Dave D'Onofrio's Sox Beat: Red Sox need to get most out of lineup
As a reminder of just how awry the best-laid plans of Bobby Valentine were rendered by injuries and other instances, consider that he penned 143 different batting orders in his 162 ill-fated games as manager of the Red Sox - the most frequent of which had Jarrod Saltalamacchia hitting cleanup, featured three players who opened the year in the minors, and was used just four times.
The only other order Valentine employed more than twice included short-timer Marlon Byrd, so attempting to anticipate how Boston's lineup could or should look is tough, given that most of New England is still covered in snow and given all that figures to happen between now and April. Let alone, September.
But this edition of the Sox is built such that they'll need to get the most out of everybody if they're going to approach the offensive levels that have become the expectation around here and would be crucial in the club's quest to contend again. That means John Farrell's lineups figure to take on more importance than those of his predecessors, as this attack has equal chance of being excellent as it does mediocre, depending in part on how well the manager maximizes his talent.
Here's one take on how he might do that, against both right- and left-handed pitchers.
Batting first - Jacoby Ellsbury:
The club hit Ellsbury second or third 22 times last season - and he hit .364 in a dozen games out of the two-hole - but his speed, his decent on-base percentage and his improving ability to work a count make him the best fit at the top. Plus, with what's expected of their healthy and contract-motivated center fielder, the Sox will want him at the plate as often as possible.
Second - vs. RHP, Stephen Drew; vs. LHP, Shane Victorino:
This slot is one opportunity for Farrell to take advantage of his players' strengths. Drew's career on-base plus slugging is 85 points higher against righties (.784-.699), while against lefties Victorino has hit .301 with an .881 OPS lifetime. Both players handle the bat and run well enough to do the things expected of a No. 2 hitter.
Third - Dustin Pedroia:
Traditionally, this is where a team wants its best hitter - and that's what Pedroia is. Farrell said this week that he'd consider slotting Jonny Gomes here against lefties, but there's a reason that 50 of Gomes' 53 career starts hitting third came for the 61-101 Rays of 2006. It's because he's not good enough to hit third on a good team.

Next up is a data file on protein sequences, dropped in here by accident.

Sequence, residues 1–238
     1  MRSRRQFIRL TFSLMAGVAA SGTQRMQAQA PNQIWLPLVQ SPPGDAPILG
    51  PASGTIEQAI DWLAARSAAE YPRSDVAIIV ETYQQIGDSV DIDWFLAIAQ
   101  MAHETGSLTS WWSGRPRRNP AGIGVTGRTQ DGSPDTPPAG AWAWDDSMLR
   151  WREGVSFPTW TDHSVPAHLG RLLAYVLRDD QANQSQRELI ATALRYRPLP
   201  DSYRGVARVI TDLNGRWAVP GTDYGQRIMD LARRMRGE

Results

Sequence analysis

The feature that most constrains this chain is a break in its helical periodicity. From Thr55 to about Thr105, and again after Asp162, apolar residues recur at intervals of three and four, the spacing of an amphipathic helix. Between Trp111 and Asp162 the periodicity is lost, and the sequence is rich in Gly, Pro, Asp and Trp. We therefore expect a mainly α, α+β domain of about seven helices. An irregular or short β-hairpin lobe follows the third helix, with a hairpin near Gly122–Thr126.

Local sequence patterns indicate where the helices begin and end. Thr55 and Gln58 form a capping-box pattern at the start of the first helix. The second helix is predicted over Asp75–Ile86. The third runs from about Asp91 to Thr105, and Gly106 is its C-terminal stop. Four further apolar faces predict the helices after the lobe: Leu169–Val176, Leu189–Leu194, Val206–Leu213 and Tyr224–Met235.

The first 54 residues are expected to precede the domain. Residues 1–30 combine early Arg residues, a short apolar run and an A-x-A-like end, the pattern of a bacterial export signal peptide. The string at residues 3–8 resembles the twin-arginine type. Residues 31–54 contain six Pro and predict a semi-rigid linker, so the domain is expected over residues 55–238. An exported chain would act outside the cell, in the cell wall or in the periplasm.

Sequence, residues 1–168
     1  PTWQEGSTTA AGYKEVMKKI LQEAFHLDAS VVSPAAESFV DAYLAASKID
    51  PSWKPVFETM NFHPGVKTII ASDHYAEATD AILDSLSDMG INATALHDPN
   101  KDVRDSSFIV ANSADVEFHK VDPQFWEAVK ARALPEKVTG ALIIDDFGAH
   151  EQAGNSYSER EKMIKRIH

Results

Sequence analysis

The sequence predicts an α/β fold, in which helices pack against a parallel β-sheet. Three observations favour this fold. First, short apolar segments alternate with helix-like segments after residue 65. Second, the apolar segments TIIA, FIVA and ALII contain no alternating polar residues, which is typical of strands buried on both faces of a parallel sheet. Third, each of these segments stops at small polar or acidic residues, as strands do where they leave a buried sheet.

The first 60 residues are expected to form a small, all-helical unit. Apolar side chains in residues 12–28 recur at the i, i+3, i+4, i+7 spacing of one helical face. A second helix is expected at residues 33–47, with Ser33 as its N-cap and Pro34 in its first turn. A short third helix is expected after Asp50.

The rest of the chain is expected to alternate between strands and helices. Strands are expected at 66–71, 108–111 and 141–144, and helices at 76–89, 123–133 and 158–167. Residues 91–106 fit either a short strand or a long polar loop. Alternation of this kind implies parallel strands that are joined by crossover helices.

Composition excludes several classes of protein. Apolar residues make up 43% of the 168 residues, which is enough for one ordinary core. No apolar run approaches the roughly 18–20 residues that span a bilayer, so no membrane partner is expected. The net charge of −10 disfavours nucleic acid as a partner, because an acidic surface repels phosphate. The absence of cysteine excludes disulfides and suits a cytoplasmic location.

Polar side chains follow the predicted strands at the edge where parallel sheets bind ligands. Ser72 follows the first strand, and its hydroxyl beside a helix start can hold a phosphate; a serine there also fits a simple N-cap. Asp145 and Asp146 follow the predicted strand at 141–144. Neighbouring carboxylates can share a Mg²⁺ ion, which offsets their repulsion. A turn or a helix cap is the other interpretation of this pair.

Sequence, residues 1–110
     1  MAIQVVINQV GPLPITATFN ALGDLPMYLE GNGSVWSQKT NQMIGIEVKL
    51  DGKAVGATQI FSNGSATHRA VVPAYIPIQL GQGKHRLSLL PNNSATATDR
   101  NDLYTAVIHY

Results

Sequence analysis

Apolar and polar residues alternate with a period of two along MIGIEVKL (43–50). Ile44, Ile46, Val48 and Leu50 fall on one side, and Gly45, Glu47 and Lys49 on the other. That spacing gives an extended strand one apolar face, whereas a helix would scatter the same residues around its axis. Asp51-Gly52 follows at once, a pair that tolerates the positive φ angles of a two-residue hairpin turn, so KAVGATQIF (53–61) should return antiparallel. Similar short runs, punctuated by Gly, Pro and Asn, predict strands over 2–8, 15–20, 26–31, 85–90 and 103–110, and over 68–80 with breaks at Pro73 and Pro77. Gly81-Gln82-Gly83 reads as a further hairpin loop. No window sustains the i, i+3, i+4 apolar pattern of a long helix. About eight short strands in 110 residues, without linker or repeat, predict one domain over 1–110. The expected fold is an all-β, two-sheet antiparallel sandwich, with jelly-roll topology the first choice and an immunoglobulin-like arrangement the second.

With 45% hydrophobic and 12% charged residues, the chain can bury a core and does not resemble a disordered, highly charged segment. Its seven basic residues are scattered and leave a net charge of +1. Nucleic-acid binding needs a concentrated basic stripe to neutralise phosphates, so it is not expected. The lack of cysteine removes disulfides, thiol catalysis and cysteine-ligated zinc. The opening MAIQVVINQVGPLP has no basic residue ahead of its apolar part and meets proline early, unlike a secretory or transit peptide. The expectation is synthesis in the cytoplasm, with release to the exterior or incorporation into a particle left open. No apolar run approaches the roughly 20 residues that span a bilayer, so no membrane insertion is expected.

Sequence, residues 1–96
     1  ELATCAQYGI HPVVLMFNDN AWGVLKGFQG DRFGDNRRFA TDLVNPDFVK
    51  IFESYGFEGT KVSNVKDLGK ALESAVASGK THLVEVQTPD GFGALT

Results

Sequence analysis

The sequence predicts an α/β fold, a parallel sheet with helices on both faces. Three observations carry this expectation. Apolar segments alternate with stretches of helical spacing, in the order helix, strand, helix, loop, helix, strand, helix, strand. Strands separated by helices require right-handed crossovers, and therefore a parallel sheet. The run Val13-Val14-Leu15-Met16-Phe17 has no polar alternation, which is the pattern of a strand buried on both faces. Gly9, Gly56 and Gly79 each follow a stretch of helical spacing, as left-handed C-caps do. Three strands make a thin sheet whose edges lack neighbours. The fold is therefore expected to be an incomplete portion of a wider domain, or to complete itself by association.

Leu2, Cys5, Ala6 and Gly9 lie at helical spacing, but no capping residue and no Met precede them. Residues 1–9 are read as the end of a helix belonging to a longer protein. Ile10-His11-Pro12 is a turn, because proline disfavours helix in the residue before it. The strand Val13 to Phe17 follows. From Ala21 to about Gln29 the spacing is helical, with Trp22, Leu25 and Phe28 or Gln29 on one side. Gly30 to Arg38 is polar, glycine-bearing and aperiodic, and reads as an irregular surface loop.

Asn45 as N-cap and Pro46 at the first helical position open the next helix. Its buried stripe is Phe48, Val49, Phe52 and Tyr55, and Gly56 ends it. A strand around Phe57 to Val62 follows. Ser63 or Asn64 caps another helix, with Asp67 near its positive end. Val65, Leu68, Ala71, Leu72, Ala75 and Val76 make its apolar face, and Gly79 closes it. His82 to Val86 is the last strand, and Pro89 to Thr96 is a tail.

Fourth - David Ortiz:
When Ortiz was injured last July, even putting him on the disabled list was declared a precautionary measure - so that the designated hitter still isn't 100 percent now seven months later is concerning. Assuming he's healthy, however, last season's numbers say his bat remains worthy of belonging at the heart of the order.
Fifth - vs. RHP, Will Middlebrooks; vs. LHP, Mike Napoli:
Although he hit just .179 against southpaws in 2012, Napoli's .911 career OPS against lefties is reason to slot him behind Ortiz when those pitchers are on the bump. There's not much difference between the two against righties, though Napoli's production tends to be all-or-nothing. With a doubles machine like Pedroia hitting two spots ahead, sometimes a single will be good enough.
Sixth - vs. RHP, Napoli; vs. LHP, Middlebrooks:
Again, they're pretty much interchangeable.
Seventh - vs. RHP, Saltalamacchia; vs. LHP, Gomes:
Saltalamacchia has a rather serviceable .774 career OPS and hit all but one of his 25 homers last season against righties, while Gomes has a lifetime .382 OBP and .894 OPS against lefties. Either way, there's going to be a lot of strikeouts - but that level of production in the seven-hole would lengthen the lineup nicely.
Eighth - vs. RHP, Victorino; vs. LHP, David Ross:
Ross' splits are similar, but Saltalamacchia's struggles against lefties make logical a platoon with Ross catching against southpaws. Hitting a $13 million man like Victorino eighth might seem low, but here the switch-hitter has a chance to set the table for the top of the order, and hitting him behind Saltalamacchia might also dissuade foes from automatically going to a lefty reliever late in games because Victorino handles lefties so well.
Ninth - vs. RHP, Daniel Nava; vs. LHP, Drew:
If the Sox are presented with the chance to add a left-handed hitting outfielder this spring, they should take it; Nava's a nice player, but neither he nor Gomes is an ideal first option against righties. Drew hit just .198 against southpaws last season, and has a .299 OBP for his career. Given the damage others on this team can do against lefties, there's no reason to hit him any higher.
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Part of the club's culture change will include Concord's Bob Tewksbury, who has worked for the Sox as a sports psychology coach since 2005, and who Farrell said this week will be used in a greater capacity this season than he has been in other years.
"When we have a resource such as Tewks, to not use it, we're not giving the players everything that they can take advantage of," Farrell told reporters. "He'll be with us about 85 days this year and more of those on the road."
During spring training, Tewksbury will sit down with the players for "mental skills" meetings, which will be tailored to be position-specific before eventually developing into individualized sessions later in camp, and started soon after pitchers reported last weekend.
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Napoli reported good news Saturday morning, telling reporters that a Thursday MRI revealed no additional damage from his degenerative hip condition. That allowed him to begin some light fielding drills and intensify his running on a treadmill, though he continues to be limited even as he vows to be ready for Opening Day.
Dave D'Onofrio covers the Red Sox for the New Hampshire Union Leader and Sunday News. His e-mail address is email@example.com.